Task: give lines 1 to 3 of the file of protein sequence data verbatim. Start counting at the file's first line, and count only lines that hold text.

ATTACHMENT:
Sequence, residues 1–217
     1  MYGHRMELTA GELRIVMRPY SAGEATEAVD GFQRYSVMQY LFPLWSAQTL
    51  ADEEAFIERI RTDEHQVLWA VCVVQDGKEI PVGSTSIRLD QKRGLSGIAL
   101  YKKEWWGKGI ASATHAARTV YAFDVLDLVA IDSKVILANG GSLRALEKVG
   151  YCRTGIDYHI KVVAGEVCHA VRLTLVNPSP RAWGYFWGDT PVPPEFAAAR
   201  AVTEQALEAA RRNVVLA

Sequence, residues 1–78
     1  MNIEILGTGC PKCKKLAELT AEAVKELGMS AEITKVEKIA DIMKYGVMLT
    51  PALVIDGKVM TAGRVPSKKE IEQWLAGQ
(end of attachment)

Sequence, residues 1–217
     1  MYGHRMELTA GELRIVMRPY SAGEATEAVD GFQRYSVMQY LFPLWSAQTL
    51  ADEEAFIERI RTDEHQVLWA VCVVQDGKEI PVGSTSIRLD QKRGLSGIAL